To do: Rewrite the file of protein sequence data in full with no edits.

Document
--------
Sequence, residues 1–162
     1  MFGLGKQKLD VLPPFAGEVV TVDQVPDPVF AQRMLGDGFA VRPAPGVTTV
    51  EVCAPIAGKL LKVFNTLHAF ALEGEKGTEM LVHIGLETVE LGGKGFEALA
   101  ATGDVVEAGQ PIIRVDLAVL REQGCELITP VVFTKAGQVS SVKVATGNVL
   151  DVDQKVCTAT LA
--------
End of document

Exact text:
Sequence, residues 1–162
     1  MFGLGKQKLD VLPPFAGEVV TVDQVPDPVF AQRMLGDGFA VRPAPGVTTV
    51  EVCAPIAGKL LKVFNTLHAF ALEGEKGTEM LVHIGLETVE LGGKGFEALA
   101  ATGDVVEAGQ PIIRVDLAVL REQGCELITP VVFTKAGQVS SVKVATGNVL
   151  DVDQKVCTAT LA